But don't forget. the only shortcut to becoming a great home chef is to use fresh herbs. Here's my article about fresh herbs, The Only Shortcut to Becoming a Great Home Cook, if you want to review that advice. But, we do have off seasons, don't always have indoor potted versions, sometimes a plant dies or is devoured by caterpillars (parsley) and we need to rely on dried versions. Spices and seeds - well, they're mostly in dried form anyway, so they're the main subject of this discussion.
  • I try my hardest to NOT buy the major brands of dried herbs and spices such as McCormick's or Spice Island. The are often on grocery and warehouse shelves for years. Notice the pale colors. Notice how many look like crumbled sticks and twigs instead of dried leaves. No thanks.
  • Morton and Bassett provides high quality products and are distributed nationally. They're my go to choice, unless I have access to......
  • Bulk spice purveyors - some towns have a gourmet shop or even a dedicated spice shop.These are great sources if you have them. Many grocers now have bulk spices. They're a great value, and usually, but not always, as good or better than pre-packaged spices. You need to test and taste bulk spices, compare them to prepackaged and make your own decision which is best. There's a lot of variation. But bulk is often the best bet for quality and price.
  • Mail order - Penzey's out of Madison, Wisconsin has an enormous selection of high quality spices for sale online and through catalogs. They're good, but I don't tend to shop for a whole bunch of spices at one time, so I don't turn to them often. I wish I used more of their products though. They are good.

Storing Dried Herbs and Spices

Do not leave jars of spices and herbs in a kitchen with direct sunlight. The sun will accelerate the loss of taste and color of the herbs/spices. Store them in a pantry or kitchen drawer.

Here's how it worked out for me. I graduated from spice rack (college) to spice hanging basket (lame 1980's decor) to spice shelf which gave way to the full on spice drawer. Maybe the spice drawer came about because Morton and Bassett labels the top of their bottles. I also have an unnatural phobia of lazy Susan turntables, where kitchen spices are often stored.

In the next post, I'll provide my recommendations for your spice drawer / rack / shelf. But not your hanging basket. That was a bad idea even in the '80's.
  • Fresh Herbs You Ought to Grow and Use Regularly
  • Dried Versions of Herbs You Should Stock – just in case
  • Dried Spices and Herbs You Should Have On Hand At All Times
  • Spices and Dried Herbs for Advanced or Specialty Cooking
  • Spices You Should Never (or Rarely) Use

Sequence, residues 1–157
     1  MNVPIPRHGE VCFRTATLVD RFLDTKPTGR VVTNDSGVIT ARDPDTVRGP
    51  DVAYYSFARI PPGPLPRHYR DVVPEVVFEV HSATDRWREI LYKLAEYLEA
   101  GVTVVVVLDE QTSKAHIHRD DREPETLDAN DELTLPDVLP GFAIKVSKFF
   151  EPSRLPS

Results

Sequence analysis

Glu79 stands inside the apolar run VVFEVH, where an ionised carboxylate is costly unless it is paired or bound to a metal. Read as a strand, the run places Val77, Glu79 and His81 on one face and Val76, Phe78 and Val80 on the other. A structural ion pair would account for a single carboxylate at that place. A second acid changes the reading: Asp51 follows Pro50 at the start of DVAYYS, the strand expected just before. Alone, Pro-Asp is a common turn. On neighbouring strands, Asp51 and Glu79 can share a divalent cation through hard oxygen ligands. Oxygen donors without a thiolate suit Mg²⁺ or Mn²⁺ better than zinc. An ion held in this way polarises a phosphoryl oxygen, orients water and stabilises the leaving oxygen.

• A Couple Other Staples in the Spice Drawer
Next week I'll run through pantry staples and standard vegetables to have on hand at all times. You might also want to review my prior recommendations of Kitchen Tools You Can't Live Without.

Fingerling Potatoes with Bacon, Sage and Lemon

A little backwards this week. Here's a recipe. Commentary / advice / rambling thoughts to follow.

Prep - prior to tossing and roasting

You need to make this dish. I've been on a Jamie Oliver tear for the past few weeks, with good reason. Yesterday I saw a recipe that called for coring medium sized potatoes, then stuffing them with bacon, an anchovy, a sage leaf and lemon zest. Stunning presentation, but all I had were fingerlings - too small to stuff.

So I halved the fingerlings and used similar ingredients, mixing a little anchovy paste with lemon juice. Roast for 25 minutes. Unbelievable. You can't stop eating these.

Fingerlings are a nice, but expensive, shortcut in the kitchen. They usually just need a gentle rinse and never need peeling. So preparatiaon is super fast. The trick is if you can find fingerlings at a great price. Spec's flagship store in mid-town Houston has them for about $1.50 per pound.

Fingerling Potatoes with Bacon, Sage and Lemon

1-1/4 pound fingerling or baby potatoes, mixed colors and sizes
4 slices thick cut bacon, cut into 3/4" pieces
1 lemon, zested, juice reserved
1 teaspoon anchovy paste, or 1 anchovy mushed up with a fork.
1 tablespoon olive oil
4-6 fresh sage leaves
2 sprigs fresh thyme
  • Preheat oven to 400 degrees.
  • Rinse the potatoes, and slice all by the smallest ones in half lengthwise.
  • Mash anchovy paste into lemon juice to combine
  • Toss potatoes with lemon zest, oil, bacon pieces, lemon juice mixture, sage and thyme.
  • Season with salt and fresh ground pepper.
  • Roast for 12 minutes - check doneness, and roast for 8-12 more minutes. Turn pan if your oven heats unevenly.
  • Serve immediately or at room temp.
    My herb garden

    Thyme on bottom left, sage on right.

Jamie Oliver's 'Proper' Chicken Caesar Salad

Third go-round in a week with Chicken Caesar.
This time used non-romaine. Doesn't matter. This is incredible.

I'm not quite sure how the word 'proper' slipped into the title Jamie Oliver gave this salad, excepting that the word itself is a common Britishism. I'm going to step on the toes of his so-called proper salad by showing you a picture that clearly has arugula, radicchio and endive in addition to romaine. So there.